Mere days before the release of Oliver Stone’s Snowden film, Edward Snowden is laying out his case for why he deserves a pardon from President Obama. In doing so, the former CIA employee told The Guardian that his disclosure of the level of surveillance conducted by the U.S. and the U.K. was morally right and also the right thing to do.
Snowden has taken refuge in Russia, as he has been accused of violating the Espionage Act, and if convicted, could face at least 30 years in jail. His current request comes on the heels of his U.S. lawyer pushing for a presidential pardon, as reported by The Guardian. Snowden, who hopes Obama will grant the pardon before leaving office in January, said him leaking classified documents has benefited the public, and he should be granted a pardon:
“Yes, there are laws on the books that say one thing, but that is perhaps why the pardon power exists — for the exceptions, for the things that may seem unlawful in letters on a page but when we look at them morally, when we look at them ethically, when we look at the results, it seems these were necessary things, these were vital things.”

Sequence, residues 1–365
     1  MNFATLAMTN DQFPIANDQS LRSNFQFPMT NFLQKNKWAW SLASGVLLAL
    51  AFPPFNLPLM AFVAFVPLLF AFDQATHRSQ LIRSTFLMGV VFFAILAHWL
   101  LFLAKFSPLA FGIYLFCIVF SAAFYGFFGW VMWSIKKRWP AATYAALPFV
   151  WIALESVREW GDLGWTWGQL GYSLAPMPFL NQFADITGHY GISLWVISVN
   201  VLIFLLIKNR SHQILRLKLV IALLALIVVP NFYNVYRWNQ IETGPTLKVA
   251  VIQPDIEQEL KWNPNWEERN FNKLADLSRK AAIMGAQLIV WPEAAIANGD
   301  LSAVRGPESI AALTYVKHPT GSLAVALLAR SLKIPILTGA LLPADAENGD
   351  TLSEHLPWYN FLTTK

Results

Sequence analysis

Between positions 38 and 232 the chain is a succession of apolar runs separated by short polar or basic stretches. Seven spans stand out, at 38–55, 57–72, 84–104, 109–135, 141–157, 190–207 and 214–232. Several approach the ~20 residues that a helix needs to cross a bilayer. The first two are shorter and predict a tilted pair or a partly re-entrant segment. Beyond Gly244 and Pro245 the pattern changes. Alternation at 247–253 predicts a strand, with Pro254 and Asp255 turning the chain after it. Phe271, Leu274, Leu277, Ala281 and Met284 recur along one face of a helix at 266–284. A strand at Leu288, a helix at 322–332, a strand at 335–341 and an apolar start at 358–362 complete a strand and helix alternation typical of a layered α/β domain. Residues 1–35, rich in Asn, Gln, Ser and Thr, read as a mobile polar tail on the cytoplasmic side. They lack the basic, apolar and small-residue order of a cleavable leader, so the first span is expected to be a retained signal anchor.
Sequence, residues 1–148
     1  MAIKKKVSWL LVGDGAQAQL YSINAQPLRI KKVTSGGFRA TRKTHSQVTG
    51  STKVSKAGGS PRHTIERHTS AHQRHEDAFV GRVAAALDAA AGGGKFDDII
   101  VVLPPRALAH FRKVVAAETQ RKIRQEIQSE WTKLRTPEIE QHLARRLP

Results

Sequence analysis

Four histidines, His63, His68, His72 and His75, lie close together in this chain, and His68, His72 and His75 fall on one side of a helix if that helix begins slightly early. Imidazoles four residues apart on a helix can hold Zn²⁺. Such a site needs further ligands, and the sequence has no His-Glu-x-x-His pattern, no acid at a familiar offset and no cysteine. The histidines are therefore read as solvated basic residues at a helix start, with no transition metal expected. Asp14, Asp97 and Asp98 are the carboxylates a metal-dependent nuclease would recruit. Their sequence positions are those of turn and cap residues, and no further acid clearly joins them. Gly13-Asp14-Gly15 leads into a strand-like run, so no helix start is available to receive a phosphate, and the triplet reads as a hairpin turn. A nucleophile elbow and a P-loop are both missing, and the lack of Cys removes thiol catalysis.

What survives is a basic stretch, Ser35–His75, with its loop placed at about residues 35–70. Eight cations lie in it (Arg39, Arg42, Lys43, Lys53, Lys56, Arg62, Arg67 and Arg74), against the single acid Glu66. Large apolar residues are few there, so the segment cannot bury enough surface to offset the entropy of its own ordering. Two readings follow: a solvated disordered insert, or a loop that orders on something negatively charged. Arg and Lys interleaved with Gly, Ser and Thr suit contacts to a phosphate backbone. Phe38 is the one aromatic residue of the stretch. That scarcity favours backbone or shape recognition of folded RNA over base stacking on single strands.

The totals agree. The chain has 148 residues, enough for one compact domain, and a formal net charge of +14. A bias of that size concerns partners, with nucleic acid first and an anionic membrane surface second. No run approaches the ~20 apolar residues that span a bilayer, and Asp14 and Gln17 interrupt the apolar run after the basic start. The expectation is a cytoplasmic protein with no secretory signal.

Snowden went on to say he feels confident that he’ll return to American soil, telling The Guardian, “In the fullness of time, I think I will end up back home.” But some still have doubts if he will ever be granted a pardon. The NSA whistleblower has seen a bump in his profile as of late, with the new film Snowden chronicling his life, but even the film’s director, Oliver Stone, is skeptical Obama will grant an official pardon.
But hope is not all lost, as former Attorney General Eric Holder recently said Snowden did a “public service,” and Snowden does have some public supporters. Perhaps if Snowden is a box office hit, more awareness could pave the way to a pardon
(Via The Guardian)